If reading my pretentious description is exhausting, imagine being there. Picture the hours of standing with a craned neck in heavy, cumbersome layers in sub-zero temperatures, waiting for Ruary to appear. Thankfully, our trusty Wandering Owl tour guide Armand Amen and driver Michael — who, earlier, as if in an Arctic Indiana Jones adventure, took us on a race against time by minibus to find the best viewing spot — are on hand with tea, coffee, homemade biscuits, a pit fire and foldaway chairs. And that’s having already provided thermal suits, winter boots and other essential gear. But whatever you do, don’t overheat and start sweating — you’ll only feel colder for it later.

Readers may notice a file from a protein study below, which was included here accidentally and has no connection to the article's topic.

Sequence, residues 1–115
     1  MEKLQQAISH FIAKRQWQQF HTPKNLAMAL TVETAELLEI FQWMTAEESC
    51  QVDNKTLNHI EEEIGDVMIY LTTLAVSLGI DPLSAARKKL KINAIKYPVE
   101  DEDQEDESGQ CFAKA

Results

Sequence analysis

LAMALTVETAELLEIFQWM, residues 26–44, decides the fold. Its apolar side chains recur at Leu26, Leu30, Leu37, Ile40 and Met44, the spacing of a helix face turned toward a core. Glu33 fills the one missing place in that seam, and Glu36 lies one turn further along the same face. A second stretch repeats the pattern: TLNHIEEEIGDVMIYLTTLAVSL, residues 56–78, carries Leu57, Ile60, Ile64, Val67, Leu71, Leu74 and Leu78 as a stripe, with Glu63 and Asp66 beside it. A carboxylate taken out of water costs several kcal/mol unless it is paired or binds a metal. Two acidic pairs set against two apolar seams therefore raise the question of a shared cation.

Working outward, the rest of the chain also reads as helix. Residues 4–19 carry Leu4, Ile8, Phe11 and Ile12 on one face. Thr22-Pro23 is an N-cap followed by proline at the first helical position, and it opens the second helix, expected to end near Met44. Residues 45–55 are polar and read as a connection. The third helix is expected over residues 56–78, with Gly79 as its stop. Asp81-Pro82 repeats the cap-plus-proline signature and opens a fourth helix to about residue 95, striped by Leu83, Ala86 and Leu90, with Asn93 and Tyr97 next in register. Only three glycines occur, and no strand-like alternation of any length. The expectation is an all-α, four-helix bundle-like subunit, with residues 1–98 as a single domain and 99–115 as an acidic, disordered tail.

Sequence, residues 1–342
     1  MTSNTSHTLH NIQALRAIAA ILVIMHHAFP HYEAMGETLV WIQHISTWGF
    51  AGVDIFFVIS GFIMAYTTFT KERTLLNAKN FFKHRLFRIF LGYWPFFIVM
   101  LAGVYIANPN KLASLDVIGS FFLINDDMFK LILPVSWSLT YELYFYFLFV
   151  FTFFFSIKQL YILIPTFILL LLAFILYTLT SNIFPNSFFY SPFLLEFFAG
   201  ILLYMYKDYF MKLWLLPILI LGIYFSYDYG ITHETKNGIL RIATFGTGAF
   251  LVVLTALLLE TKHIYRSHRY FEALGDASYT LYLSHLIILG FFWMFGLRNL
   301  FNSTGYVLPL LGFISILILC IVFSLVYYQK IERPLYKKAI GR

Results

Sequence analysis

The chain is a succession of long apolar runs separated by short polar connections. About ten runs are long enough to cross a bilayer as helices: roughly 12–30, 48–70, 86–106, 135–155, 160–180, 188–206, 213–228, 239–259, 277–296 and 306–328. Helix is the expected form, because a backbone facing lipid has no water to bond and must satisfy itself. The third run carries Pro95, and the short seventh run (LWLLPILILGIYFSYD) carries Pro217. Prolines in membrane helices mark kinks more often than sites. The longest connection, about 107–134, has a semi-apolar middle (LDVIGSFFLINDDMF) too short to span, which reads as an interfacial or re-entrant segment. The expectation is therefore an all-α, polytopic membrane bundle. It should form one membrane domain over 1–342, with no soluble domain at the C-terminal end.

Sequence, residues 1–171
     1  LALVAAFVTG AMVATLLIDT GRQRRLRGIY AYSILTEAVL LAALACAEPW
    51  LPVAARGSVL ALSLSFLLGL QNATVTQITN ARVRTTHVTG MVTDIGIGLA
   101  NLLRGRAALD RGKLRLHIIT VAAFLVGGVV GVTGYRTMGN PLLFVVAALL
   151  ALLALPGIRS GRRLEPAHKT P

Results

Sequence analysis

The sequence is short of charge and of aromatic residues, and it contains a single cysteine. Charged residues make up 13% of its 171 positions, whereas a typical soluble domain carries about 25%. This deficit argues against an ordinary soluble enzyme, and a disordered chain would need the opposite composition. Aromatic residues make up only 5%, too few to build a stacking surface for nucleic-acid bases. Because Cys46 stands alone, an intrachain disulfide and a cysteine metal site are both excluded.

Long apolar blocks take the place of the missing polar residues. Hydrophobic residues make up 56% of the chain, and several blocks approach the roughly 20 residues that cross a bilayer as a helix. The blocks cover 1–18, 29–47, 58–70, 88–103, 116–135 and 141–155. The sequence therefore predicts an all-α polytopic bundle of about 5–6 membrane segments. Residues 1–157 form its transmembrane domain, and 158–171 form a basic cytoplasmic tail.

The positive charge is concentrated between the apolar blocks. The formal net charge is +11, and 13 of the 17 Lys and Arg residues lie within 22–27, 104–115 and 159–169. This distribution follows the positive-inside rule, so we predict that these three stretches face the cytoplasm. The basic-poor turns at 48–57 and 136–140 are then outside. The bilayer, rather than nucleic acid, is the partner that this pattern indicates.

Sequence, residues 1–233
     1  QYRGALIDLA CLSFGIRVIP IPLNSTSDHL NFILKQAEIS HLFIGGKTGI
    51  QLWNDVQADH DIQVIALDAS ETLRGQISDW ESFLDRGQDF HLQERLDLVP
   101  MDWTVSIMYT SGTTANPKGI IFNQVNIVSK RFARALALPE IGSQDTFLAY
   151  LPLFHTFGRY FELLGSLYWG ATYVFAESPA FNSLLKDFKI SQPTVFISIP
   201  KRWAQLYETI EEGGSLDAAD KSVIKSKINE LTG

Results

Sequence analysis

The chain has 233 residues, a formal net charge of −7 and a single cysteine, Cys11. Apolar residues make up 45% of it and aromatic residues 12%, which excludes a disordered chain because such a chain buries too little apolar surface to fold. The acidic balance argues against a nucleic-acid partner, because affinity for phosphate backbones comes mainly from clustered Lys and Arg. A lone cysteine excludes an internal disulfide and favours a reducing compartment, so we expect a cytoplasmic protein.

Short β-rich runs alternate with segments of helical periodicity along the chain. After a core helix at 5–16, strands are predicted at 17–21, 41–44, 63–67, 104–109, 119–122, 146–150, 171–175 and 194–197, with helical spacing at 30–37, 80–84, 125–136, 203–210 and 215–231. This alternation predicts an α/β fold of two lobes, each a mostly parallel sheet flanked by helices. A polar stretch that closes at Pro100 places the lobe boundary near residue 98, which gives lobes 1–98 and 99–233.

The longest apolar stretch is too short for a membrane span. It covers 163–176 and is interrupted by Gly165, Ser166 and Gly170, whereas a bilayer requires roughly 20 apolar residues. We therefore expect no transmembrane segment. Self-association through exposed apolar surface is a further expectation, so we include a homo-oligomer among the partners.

Merry dancers

We’re extremely lucky during our trip to Norway last December with Hurtigruten, the country’s biggest coastal ferry service and cruise company. The weather is mostly clear; the ruinous words ‘cloud cover’ rarely uttered. (We still find them triggering.) Moreover, wild and operatic geomagnetic storms which produce the northern lights are plentiful throughout our visit, with the lights simultaneously visible as far south of the Arctic Circle as the UK and Arizona. Such conditions are only set to continue, with scientists advising that the 2024–25 Solar Maximum will bring forth the most frequent and extraordinary displays in a decade. If ever there was a time to tick this off your bucket list, it’s now.

We see the lights four times in four days, including twice aboard the hybrid-powered, recently refurbished MS Kong Harald. Our home for the weekend, this plush-ish but unfussy ship transports up to 590 passengers — most are tourists, but many are locals merely getting from A to B — plus goods and cargo between a 34-port Coastal Express.

(Image: Hurtigruten Expeditions, Tommy Simonsen - Alta, Norway)
(Image: Hurtigruten Expeditions, Tommy Simonsen – Alta, Norway)